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Man, I really wish I would've gotten involved with this fishery sooner. Pristine, beautiful streams loaded with dozens of hungry, native Suckers and Redhorse in every pool, and not another person around all day. I've always loved the Sucker family, but after experiencing the Great Lakes Spring run in all its glory, I'd say they're probably tied for my favorite group of fish now. The Fall Trout and Salmon fishing is just about to begin on those same streams, but I can't help but count down the days until those big, gorgeous Catostomids begin to run upstream again next year. I may not have caught insane numbers of fish this Spring, but my technique is rapidly improving, and I'm pretty content with the fish I did catch for this being my first real migratory Sucker experience.

If anyone made it this far, I hope I didn't rant for too long about any given day or fish. Sorry if I missed any typos, too. Maybe I'll see some of you on the same streams sometime in the future! Tight lines, everyone.

Species List: 
Carpsucker, Quillback
Redhorse, Black
Redhorse, Golden
Redhorse, Shorthead
Redhorse, Silver
Sucker, White

Comments

Susquehannock's picture

That's some crazy stuff.

Susquehannock

Divemaster's picture

Thanks! 

2018 Species Goals:

Longnose Gar (), Grass Pickerel (), Shorthead Redhorse (X), Quillback (X), Burbot ()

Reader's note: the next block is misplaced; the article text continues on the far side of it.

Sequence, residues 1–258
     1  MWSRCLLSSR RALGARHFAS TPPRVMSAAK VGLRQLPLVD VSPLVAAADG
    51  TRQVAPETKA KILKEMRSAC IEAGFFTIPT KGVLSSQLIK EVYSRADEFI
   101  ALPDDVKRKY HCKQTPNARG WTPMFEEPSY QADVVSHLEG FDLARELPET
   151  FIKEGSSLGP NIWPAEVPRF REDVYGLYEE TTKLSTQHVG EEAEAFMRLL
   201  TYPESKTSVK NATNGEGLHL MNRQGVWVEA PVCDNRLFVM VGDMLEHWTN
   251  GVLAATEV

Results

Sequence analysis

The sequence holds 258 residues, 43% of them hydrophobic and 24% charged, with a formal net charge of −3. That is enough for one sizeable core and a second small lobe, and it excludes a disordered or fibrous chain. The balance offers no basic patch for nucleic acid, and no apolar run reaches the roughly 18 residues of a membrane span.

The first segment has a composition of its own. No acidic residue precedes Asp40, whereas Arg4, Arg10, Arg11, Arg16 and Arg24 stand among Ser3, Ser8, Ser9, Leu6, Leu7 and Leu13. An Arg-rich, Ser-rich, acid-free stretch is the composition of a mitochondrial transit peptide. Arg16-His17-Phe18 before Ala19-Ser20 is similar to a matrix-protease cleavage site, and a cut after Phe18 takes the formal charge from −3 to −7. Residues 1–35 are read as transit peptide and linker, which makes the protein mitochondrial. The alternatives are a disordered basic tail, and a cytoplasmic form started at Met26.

BradleyR's picture

Great report! I'm jealous of those Golden Redhorse, definitely want one of those... obviously wouldn't mind a Black either :p

Divemaster's picture

Thanks! I’d be happy to put you on both species if you ever wander down here in the spring.

2018 Species Goals:

Longnose Gar (), Grass Pickerel (), Shorthead Redhorse (X), Quillback (X), Burbot ()

What a fine season, well written report and proper respect for these fish. I enjoyed the chronological nature of the report tied to the changing predominant species observed and caught. Keep up the good work.

Dave

Divemaster's picture

Thank you!

2018 Species Goals:

Longnose Gar (), Grass Pickerel (), Shorthead Redhorse (X), Quillback (X), Burbot ()

andy's picture

What a Spring you had learning the ways of the redhorse, thanks for sharing!

 

 

Divemaster's picture

Thanks! It was a great experience to be sure.

2018 Species Goals:

Longnose Gar (), Grass Pickerel (), Shorthead Redhorse (X), Quillback (X), Burbot ()